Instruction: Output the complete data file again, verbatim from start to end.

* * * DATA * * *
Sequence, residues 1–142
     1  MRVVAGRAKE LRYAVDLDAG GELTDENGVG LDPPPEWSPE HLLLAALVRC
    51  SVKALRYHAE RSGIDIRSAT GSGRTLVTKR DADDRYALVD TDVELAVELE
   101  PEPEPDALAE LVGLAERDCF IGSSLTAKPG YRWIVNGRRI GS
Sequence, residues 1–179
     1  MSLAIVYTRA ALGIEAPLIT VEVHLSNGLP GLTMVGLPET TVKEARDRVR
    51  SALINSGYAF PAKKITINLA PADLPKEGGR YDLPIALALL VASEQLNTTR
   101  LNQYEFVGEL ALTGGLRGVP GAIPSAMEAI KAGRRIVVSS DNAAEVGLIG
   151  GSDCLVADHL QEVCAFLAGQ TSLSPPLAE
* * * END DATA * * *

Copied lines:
Sequence, residues 1–142
     1  MRVVAGRAKE LRYAVDLDAG GELTDENGVG LDPPPEWSPE HLLLAALVRC
    51  SVKALRYHAE RSGIDIRSAT GSGRTLVTKR DADDRYALVD TDVELAVELE
   101  PEPEPDALAE LVGLAERDCF IGSSLTAKPG YRWIVNGRRI GS
Sequence, residues 1–179
     1  MSLAIVYTRA ALGIEAPLIT VEVHLSNGLP GLTMVGLPET TVKEARDRVR
    51  SALINSGYAF PAKKITINLA PADLPKEGGR YDLPIALALL VASEQLNTTR
   101  LNQYEFVGEL ALTGGLRGVP GAIPSAMEAI KAGRRIVVSS DNAAEVGLIG
   151  GSDCLVADHL QEVCAFLAGQ TSLSPPLAE